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Ogdensburg, by Myfanwy Collins

I wore a white skirt. Earlier that day I sunbathed with his roommate while he was at work in his polyester uniform.

The roommate and I gossiped, drank wine out of plastic cups. He knew that I knew about him. I didn’t want to ask the question. It would leave him vulnerable in his world of uniforms and regulations. On his day off he could sit in the overgrown backyard and drink wine with a stranger.

There was a spring unwinding in me, pushing me out and drawing me back in. Nothing good had happened yet. I was always waiting.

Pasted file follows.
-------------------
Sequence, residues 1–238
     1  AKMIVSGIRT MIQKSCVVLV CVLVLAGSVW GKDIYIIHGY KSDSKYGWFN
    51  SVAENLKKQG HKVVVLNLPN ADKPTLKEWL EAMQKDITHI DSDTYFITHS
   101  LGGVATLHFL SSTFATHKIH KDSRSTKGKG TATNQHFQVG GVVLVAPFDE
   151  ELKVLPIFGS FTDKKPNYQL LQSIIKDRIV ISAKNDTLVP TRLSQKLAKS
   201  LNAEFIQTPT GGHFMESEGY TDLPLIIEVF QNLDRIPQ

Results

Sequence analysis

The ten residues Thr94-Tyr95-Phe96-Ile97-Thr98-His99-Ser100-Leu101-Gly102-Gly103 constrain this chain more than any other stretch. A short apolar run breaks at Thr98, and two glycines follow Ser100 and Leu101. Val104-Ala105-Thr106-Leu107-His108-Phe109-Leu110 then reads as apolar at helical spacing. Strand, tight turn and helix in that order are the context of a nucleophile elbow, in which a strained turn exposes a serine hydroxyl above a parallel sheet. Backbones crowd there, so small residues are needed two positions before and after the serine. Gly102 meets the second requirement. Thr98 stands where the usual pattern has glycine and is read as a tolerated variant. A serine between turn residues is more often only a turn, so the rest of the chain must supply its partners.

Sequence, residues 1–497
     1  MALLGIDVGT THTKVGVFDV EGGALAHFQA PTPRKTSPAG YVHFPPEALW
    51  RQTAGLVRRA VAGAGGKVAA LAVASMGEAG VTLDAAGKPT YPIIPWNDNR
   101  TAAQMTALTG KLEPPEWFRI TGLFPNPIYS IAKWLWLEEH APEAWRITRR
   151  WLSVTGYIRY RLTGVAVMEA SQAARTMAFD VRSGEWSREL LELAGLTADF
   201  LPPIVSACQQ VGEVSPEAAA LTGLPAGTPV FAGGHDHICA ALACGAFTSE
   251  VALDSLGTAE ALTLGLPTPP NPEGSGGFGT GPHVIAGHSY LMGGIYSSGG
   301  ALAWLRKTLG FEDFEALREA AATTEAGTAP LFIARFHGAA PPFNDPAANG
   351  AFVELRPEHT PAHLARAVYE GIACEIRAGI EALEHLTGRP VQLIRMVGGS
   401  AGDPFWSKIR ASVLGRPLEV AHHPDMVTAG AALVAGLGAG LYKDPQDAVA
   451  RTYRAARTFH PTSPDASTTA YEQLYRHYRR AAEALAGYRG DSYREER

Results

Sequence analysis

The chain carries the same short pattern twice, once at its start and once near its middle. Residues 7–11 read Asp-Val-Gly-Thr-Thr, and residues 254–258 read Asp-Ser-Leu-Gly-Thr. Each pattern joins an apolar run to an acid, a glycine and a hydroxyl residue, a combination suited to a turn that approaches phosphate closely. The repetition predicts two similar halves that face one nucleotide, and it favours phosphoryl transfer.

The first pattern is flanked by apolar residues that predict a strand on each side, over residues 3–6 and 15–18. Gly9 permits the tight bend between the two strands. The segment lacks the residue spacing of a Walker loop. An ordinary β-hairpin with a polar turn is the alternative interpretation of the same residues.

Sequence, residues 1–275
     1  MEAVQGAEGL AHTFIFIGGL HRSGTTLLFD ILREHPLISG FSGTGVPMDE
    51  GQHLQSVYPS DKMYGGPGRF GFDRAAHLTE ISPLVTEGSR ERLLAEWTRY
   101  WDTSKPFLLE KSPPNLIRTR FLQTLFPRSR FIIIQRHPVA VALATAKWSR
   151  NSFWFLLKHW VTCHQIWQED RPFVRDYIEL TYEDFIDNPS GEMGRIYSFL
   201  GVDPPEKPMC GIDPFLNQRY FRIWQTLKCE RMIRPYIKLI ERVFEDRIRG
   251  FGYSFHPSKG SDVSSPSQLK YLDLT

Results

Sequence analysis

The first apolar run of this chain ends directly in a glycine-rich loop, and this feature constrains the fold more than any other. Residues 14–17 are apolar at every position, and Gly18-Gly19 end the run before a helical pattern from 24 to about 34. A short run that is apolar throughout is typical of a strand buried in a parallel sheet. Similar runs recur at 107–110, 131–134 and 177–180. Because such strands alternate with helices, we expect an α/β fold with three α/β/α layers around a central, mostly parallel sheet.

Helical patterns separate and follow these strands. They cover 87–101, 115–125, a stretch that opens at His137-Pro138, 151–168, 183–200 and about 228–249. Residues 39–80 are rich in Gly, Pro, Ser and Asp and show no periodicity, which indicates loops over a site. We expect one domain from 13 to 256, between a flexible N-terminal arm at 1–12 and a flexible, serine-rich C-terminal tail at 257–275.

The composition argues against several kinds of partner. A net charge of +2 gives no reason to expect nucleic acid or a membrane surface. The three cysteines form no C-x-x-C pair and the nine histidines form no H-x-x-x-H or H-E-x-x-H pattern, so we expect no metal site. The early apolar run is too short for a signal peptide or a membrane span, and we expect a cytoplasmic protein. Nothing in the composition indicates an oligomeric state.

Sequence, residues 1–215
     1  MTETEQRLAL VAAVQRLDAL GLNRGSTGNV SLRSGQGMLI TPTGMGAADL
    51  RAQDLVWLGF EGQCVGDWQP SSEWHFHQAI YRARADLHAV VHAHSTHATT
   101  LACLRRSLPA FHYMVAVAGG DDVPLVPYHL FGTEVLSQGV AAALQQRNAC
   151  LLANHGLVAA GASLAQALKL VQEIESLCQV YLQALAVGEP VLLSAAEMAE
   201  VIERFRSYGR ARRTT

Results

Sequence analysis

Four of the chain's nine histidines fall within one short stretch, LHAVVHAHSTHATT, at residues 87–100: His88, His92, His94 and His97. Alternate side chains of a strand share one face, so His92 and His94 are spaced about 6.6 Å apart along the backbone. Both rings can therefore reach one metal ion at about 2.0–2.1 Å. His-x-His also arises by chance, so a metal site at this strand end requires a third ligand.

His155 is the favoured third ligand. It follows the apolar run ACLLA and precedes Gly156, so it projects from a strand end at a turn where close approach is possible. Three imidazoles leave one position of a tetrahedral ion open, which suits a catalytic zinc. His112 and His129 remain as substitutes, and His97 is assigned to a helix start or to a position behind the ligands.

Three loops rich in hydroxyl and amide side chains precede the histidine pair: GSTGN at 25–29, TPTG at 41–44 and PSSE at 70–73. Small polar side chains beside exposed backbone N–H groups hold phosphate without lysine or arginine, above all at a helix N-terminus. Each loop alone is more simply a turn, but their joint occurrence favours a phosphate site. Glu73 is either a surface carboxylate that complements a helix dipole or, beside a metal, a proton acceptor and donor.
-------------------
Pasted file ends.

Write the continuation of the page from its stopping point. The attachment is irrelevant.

The show was across the border and an hour away. Beforehand we sat at an outside bar and I drank, but he didn’t. He was baked already because, since rehab, that’s what he did. We were with another couple he knew. The woman told me she was pregnant. We ordered another drink.  

I wanted to tell her I was living inside myself like a fetus, nuzzling against the heartbeat, expectant.

In the morning, I traveled home and away from him, from his roommate, from the woman. I drove along the river, the Amish clip-clopping beside me in their buggies, the tall grass pushing up, waiting on summer.